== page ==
We buy rust. We sell romance

Michael Cripps rescues and reconditions old brass bedsteads. Clive Fewins met him

Michael Cripps breathed heavily on to the brass knobs at the base of the large Victorian cast-iron bed with its ornate semi-circular headboard. "This one's not for sale," he declared.

Mr Cripps, who runs Once Upon a Time, has some 400 antique brass and iron bedsteads in 4,000 sq ft of old farm buildings in the village of Ripley, Surrey. He treats them like an extended family. "I put a high price on my favourite beds in the hope that they won't sell," he said "That way, I gain the pleasure of viewing them daily for a few years."

One of his favourites is an all-brass monolith, made in 1872 at the Birmingham factory of James Schoolbred and Co, retailers of Tottenham Court Road London - a company that eventually became Maples. Fully restored, the bed's price tag is pounds 4,750. It has been in the showroom a year.

"The problem is that many of the beds inside that we do want to sell and on which we have worked very hard, often don't sell, while the unrenovated ones outside sell well," Mr Cripps said.

He explained that customers would rather come and choose from the sad- looking unrestored specimens lying out in the cold.

"It's rather like visiting a dog's home. Customers like to select a really down-at-heel one and then see what we can do to bring it roaring back into life." Mr Cripps has devoted the last 18 years of his life to rescuing antique piles of rust and selling them for an average of pounds l,000-pounds 1,200 for a fully-restored Victorian cast-iron model.

He is one of half a dozen or so specialist restorers of Georgian, Victorian and Edwardian antique bedsteads. Companies like Once Upon a Time report steady sales over the past few years, with no more dips due to the recession than any other retailer might expect.

However, restorers believe the supply is drying up, meaning prices will inevitably rise and make bedsteads purchased now a good investment for the future. "The majority of my customers don't look at it this way, however," Mr Cripps said. "They are often young people who have set their hearts on a genuine antique metal bedstead and are prepared to save up for a couple of years for something different from a divan with a headboard."

According to Mr Cripps, the beds are virtually all different. "Nearly all manufacturers had their own designs, so there is a huge variety if you know where to look. The quality of the originals is usually so high that they come up beautifully - especially when they are taken back to the original metal and burnished. By comparison, modern reproductions are utterly feeble.

"The heyday of manufacturing was around the onset of the Crimean War in 1854, when Florence Nightingale focused the eyes of the nation on health issues as never before. Metal bedsteads, considered more healthy than the traditional rosewood and mahogany versions, rapidly found their ways into hospitals and schools. Before long, the general mass of the population made the change."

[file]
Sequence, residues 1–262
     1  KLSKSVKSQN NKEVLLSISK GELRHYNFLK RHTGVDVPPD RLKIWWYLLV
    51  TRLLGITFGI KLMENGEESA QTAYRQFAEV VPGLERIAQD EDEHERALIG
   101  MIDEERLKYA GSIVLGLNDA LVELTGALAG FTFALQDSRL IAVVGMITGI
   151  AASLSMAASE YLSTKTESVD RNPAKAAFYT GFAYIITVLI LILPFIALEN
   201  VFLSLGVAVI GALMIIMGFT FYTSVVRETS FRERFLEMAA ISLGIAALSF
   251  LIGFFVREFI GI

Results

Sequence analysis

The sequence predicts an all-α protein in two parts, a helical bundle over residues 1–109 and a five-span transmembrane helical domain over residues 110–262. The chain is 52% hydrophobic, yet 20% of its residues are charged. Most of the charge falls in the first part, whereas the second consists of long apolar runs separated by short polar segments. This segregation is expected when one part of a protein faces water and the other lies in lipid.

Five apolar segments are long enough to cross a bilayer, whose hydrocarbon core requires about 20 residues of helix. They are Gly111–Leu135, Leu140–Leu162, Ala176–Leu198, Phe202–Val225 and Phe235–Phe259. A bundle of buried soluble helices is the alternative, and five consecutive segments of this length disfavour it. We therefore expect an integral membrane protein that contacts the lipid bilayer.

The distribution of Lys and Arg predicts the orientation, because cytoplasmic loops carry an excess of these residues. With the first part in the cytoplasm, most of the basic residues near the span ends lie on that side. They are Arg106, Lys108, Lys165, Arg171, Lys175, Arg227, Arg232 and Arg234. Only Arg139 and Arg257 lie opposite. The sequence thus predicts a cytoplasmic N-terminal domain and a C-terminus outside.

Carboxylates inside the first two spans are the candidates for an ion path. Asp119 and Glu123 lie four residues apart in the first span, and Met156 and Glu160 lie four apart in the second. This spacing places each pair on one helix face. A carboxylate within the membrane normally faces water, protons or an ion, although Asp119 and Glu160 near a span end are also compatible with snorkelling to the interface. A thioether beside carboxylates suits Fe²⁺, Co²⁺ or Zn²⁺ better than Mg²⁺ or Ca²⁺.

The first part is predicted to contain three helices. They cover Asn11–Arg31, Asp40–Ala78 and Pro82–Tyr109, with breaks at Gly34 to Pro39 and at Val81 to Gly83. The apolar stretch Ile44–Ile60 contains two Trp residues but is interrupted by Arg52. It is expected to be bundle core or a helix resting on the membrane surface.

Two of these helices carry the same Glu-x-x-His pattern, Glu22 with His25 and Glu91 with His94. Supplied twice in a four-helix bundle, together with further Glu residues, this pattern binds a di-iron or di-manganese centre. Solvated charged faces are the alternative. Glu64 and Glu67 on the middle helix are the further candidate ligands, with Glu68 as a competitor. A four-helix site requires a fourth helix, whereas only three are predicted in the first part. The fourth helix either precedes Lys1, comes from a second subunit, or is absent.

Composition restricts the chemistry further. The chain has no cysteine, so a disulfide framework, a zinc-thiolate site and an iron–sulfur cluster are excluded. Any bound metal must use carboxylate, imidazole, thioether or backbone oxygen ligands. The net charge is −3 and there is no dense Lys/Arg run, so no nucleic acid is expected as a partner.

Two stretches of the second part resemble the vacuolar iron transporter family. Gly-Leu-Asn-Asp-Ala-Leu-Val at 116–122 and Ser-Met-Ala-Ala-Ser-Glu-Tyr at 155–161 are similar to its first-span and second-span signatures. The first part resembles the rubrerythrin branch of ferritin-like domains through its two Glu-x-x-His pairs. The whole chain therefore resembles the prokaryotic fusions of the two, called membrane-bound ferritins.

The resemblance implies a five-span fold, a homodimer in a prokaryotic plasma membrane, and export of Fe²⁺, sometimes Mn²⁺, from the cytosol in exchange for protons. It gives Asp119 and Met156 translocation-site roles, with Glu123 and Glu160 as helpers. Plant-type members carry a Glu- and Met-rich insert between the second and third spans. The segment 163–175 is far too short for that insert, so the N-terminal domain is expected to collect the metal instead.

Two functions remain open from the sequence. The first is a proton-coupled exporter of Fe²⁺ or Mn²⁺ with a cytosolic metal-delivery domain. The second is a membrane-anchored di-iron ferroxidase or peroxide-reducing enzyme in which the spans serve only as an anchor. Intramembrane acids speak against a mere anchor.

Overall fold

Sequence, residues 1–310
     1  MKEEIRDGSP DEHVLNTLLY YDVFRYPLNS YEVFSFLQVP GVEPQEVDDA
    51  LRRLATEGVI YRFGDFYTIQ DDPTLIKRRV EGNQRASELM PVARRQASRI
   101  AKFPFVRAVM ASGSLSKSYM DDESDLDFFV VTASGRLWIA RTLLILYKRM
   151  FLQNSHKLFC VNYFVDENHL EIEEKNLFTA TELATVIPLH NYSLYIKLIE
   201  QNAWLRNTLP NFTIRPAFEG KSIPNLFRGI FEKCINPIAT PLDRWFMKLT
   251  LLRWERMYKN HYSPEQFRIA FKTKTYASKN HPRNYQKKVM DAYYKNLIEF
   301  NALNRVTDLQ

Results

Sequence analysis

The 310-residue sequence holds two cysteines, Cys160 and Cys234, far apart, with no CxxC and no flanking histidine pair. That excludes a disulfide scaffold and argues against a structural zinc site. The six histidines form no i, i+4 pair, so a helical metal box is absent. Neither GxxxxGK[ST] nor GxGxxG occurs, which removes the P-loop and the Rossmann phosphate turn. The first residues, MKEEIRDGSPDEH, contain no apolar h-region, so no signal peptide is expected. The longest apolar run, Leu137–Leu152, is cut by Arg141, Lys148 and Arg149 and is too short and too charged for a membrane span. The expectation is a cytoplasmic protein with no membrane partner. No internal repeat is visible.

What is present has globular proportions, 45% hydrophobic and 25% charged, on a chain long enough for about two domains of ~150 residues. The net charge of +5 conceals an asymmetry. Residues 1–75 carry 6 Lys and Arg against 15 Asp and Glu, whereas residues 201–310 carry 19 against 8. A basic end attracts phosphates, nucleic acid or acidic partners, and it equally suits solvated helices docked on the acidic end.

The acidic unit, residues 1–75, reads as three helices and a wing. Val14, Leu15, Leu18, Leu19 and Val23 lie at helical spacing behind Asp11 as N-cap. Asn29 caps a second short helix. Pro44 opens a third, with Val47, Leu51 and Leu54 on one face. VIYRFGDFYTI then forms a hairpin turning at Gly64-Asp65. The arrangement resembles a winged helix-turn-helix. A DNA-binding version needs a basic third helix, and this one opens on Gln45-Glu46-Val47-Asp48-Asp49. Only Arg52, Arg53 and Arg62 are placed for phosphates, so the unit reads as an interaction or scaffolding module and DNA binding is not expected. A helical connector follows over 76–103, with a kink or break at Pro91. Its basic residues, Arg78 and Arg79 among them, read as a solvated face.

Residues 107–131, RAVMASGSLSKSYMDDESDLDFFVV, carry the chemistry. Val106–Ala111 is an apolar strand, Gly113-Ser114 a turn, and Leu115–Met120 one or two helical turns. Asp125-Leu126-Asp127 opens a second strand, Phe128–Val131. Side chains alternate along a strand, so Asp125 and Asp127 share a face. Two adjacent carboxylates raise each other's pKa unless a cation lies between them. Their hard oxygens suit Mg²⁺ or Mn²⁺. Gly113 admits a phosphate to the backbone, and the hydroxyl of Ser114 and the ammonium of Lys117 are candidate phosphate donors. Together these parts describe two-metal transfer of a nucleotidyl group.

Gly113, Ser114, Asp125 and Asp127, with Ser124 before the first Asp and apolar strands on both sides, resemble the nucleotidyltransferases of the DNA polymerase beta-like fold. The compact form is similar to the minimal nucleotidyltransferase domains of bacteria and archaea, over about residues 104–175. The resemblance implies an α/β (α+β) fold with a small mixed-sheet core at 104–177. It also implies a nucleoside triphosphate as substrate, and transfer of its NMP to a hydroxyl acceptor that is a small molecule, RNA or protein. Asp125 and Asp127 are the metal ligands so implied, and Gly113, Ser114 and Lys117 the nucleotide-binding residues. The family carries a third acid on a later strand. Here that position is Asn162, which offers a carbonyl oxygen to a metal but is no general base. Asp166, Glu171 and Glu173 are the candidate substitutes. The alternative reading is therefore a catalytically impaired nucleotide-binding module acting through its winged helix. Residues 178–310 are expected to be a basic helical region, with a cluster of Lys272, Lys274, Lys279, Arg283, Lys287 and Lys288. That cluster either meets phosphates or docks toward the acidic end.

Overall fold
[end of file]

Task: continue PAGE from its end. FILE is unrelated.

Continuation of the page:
The other usual requirement from customers is that the bed should be "stretched". This means extending it from its likely 4ft 6ins width to the 5ft more acceptable to modern tastes. The usual means of doing this is by inserting extra decorative pieces within the additional iron or steel bars. It is a practice frowned upon in some sections of the trade because it means the bed is no longer authentic.

"I used to have misgivings, but we only find one 5ft bed to every 200 or so 4ft 6ins or 4ft beds that come our way," said Mr Cripps. "Extending beds helps to keep prices down and gives old beds a new life."

Most of the old bedsteads that end up in workshops come in via "runners" in the antique trade, who quite often bring them from Ireland, or from Spain, Portugal and Morocco, where modern divan beds are slowly replacing the metal ones.

According to Jonathan Tebbs, who runs A Barn Full of Brass Bedsin Lincolnshire, more than 90 per cent of them were originally made in Birmingham.

"By the 1870s, it is said 6,000 brass and iron bedsteads were being produced, vast numbers of which were exported," he said. "They were not only made for the well-to-do, with pearl inlays, faceted mirrors, scroll work and superior castings, but also for the ordinary folk.

"In Victorian times, the bed was almost a status symbol, like cars are regarded by some today. But the simple ones were in many ways the most elegant, and are often rarer, as they were the models that were more often thrown away."

While Mr Cripps either sells his beds in their original burnished and lacquered bare metal form, or paints them black, Mr Tebbs specialises in painting his beds in the range of National Trust colours - mainly French grey, sugar-bag blue, Cork green, fox red and Sudbury yellow. Most of his beds are restored to order, the customer coming to him to choose first.

"Generally, my clients, who come from throughout the country, prefer this approach," he said. "I tell them I buy rust and I sell romance."

Once Upon a Time, The Green Ripley, Surrey (01483 211330).

A Barn Full of Brass Beds, Abbey House, Eastfield Road, Louth, Lincs (01507 603173).

Manor Farm Antiques, Oxfordshire (01865 300303).

Bed Bazaar, Framlingham Suffolk (01728 723756).

The Antique Bedstead Company, Chelmsford (01245 471137).

Morpheus, Elgin House Antiques, Tetbury (01666 504068).

Seventh Heaven, Clwyd (01691 777622).

Reproduction brass and iron bedsteads available from: Enchanted House, St Blazey, Cornwall (01726 812213). Deptich Designs Ltd, London (0181- 687 0867) sell their reproduction metal bedsteads throughout the UK.

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